In Guns, Germs, and Steel, Jared Diamond sets out to explain why people from Eurasia, and not people from other continents, conquered much of the rest of the world. At the outset of the book, Diamond rejects the idea that any moral, intellectual, or genetic factor could have produced a race of inherently superior people. Instead, he argues that environmental and geographical factors allowed Eurasians to advance faster than their counterparts elsewhere.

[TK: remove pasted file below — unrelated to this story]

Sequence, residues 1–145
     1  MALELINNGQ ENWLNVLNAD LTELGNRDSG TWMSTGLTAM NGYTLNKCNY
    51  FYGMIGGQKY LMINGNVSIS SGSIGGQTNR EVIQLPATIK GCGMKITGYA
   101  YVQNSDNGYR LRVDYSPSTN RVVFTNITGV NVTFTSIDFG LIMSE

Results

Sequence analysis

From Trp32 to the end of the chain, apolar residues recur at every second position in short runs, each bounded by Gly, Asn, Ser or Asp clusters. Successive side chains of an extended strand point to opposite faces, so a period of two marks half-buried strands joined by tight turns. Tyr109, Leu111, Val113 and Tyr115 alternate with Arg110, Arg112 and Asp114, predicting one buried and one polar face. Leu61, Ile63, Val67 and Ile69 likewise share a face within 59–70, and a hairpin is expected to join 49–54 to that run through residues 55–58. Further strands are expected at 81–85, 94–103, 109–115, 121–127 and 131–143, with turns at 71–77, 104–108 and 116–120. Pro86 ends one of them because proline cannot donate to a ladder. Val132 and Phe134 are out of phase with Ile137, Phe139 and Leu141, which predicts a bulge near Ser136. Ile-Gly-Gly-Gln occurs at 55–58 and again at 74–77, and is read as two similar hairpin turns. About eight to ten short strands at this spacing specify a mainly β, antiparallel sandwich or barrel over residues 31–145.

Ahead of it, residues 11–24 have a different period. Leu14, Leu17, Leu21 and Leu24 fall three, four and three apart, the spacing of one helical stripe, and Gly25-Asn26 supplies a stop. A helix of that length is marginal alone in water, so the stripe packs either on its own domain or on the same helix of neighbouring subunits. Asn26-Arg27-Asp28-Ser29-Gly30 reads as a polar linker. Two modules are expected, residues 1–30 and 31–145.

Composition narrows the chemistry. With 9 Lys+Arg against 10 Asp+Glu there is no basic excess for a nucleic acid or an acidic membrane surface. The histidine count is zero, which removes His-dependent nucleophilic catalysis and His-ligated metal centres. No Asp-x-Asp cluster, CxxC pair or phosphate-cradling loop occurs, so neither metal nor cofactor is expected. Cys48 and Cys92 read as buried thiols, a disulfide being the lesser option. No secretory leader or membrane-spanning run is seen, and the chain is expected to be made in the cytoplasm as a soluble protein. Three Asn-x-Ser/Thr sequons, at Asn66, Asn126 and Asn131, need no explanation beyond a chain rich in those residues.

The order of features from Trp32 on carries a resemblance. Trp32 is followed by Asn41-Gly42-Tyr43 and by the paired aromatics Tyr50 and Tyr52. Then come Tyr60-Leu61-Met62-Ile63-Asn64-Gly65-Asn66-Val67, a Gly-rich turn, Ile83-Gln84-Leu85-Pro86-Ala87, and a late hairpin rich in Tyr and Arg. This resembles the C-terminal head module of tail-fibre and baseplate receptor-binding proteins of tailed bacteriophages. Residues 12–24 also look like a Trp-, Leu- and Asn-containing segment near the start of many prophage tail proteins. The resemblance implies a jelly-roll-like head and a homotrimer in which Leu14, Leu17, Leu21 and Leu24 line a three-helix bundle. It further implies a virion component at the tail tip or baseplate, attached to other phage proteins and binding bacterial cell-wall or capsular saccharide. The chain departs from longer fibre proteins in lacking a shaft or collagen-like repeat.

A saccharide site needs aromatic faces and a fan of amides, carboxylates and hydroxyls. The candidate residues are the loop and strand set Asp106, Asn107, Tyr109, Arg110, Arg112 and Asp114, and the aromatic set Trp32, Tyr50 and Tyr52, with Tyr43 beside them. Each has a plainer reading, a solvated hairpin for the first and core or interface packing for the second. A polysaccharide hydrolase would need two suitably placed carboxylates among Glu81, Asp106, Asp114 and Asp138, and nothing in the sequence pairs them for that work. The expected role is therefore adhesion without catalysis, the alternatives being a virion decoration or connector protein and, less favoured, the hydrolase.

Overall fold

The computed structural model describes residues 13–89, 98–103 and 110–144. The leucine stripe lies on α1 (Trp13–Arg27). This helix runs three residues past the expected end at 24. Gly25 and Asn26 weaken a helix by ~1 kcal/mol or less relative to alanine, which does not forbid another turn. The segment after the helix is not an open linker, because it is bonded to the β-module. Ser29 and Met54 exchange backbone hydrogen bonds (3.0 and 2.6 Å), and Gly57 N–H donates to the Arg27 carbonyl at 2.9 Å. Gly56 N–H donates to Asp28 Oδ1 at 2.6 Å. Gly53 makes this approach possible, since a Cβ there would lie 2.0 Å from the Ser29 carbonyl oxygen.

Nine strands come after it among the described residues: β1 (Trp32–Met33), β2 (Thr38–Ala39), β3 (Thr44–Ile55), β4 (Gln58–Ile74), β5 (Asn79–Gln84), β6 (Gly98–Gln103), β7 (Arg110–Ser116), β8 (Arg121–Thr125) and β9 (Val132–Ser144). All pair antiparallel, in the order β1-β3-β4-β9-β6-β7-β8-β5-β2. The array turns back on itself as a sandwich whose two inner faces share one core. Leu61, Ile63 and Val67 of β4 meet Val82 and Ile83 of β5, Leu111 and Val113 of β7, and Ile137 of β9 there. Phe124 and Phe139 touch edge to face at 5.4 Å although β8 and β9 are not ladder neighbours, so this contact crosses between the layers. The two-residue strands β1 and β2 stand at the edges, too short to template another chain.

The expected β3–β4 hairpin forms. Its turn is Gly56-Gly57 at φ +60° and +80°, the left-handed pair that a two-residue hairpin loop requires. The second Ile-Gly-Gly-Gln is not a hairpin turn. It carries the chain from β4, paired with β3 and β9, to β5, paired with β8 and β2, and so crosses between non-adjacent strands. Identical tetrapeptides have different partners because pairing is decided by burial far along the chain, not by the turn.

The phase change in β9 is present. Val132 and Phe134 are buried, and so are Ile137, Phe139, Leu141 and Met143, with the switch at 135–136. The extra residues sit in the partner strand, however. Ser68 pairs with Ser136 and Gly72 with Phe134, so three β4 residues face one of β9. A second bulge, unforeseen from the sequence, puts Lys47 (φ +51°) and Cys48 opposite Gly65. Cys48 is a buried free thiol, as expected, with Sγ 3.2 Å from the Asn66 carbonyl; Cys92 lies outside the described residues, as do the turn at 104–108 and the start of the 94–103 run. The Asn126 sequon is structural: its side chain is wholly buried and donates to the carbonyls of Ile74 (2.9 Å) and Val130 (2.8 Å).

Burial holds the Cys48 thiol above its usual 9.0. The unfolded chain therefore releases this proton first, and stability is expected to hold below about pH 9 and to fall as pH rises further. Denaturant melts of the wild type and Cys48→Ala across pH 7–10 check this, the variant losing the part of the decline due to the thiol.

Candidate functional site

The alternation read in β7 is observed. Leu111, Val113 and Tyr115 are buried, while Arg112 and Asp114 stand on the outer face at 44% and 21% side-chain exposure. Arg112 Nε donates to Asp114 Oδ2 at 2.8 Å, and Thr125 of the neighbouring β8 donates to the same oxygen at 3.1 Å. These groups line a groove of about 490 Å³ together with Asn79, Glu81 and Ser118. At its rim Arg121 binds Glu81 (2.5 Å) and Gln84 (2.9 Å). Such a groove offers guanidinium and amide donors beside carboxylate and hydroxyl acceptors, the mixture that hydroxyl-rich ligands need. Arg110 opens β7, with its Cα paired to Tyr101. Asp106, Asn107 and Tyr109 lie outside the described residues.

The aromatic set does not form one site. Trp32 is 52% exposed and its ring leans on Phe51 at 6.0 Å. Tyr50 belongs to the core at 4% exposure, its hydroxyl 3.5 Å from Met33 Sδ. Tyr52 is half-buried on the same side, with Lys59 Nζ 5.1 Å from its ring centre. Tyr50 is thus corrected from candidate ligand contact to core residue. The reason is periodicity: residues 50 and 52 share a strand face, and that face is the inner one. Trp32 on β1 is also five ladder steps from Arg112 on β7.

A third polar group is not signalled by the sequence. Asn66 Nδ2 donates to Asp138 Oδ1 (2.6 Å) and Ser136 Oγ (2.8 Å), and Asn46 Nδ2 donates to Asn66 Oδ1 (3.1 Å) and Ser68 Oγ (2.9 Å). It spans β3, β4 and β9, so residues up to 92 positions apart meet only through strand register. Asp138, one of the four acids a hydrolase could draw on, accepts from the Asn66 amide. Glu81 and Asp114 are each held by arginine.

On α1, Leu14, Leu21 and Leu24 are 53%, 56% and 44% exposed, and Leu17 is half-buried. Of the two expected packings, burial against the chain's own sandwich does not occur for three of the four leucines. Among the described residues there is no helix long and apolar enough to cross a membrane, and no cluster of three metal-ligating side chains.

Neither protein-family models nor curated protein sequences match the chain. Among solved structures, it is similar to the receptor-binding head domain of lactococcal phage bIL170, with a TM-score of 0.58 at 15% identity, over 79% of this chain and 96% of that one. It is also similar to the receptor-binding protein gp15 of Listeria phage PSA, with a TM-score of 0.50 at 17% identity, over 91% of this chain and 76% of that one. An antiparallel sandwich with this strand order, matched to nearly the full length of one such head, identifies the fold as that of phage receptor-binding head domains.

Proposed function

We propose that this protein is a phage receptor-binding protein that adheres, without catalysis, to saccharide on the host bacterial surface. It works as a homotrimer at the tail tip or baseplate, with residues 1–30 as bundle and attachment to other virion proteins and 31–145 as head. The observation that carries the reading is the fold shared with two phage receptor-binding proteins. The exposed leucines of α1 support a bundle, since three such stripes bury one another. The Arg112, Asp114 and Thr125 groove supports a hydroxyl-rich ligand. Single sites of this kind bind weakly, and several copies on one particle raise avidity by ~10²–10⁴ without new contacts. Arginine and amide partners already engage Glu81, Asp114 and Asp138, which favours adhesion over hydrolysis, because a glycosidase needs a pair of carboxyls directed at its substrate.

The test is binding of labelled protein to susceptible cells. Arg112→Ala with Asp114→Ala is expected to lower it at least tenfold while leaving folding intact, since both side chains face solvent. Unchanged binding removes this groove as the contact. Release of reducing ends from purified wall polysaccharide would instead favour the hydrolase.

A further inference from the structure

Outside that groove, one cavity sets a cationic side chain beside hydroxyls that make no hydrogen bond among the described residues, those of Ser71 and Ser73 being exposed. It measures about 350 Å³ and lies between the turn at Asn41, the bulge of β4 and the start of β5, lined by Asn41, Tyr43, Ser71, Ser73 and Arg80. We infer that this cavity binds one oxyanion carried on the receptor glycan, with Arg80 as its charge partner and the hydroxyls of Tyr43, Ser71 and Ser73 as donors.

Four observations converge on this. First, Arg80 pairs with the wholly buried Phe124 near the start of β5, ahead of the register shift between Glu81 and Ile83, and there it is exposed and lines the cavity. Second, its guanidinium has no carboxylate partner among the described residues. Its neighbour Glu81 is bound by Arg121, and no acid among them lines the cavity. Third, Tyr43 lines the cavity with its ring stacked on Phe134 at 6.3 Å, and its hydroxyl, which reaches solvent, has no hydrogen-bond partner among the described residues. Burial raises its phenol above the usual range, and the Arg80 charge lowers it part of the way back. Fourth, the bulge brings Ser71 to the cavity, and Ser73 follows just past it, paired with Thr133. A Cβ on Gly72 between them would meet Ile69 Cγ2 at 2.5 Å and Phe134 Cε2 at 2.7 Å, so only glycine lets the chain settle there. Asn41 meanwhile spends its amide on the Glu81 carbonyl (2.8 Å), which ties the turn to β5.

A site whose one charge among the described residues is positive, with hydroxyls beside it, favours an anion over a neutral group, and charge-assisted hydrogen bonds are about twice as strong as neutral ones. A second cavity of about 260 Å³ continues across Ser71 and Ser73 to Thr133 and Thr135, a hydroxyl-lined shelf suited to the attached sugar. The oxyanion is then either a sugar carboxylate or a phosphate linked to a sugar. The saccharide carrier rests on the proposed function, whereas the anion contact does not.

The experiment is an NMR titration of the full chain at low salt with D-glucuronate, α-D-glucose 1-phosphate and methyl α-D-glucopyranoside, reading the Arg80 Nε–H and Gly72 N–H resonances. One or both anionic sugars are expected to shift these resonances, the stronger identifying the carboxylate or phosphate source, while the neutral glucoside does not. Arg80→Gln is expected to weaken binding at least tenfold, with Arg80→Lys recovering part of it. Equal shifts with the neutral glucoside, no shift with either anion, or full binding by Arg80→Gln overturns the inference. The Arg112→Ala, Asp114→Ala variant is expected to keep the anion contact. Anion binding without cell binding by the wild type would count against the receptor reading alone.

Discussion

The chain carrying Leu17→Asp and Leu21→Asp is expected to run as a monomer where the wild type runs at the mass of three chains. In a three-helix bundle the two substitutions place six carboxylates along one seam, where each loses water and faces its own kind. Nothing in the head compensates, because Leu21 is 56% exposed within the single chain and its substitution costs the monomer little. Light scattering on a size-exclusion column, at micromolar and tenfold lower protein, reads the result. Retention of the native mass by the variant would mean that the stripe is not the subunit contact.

Diamond explains that he became interested in exploring the historical inequalities between human societies in July 1972, when he was studying bird evolution in New Guinea. One day, he was walking along a beach, and he struck up a conversation with a charismatic...
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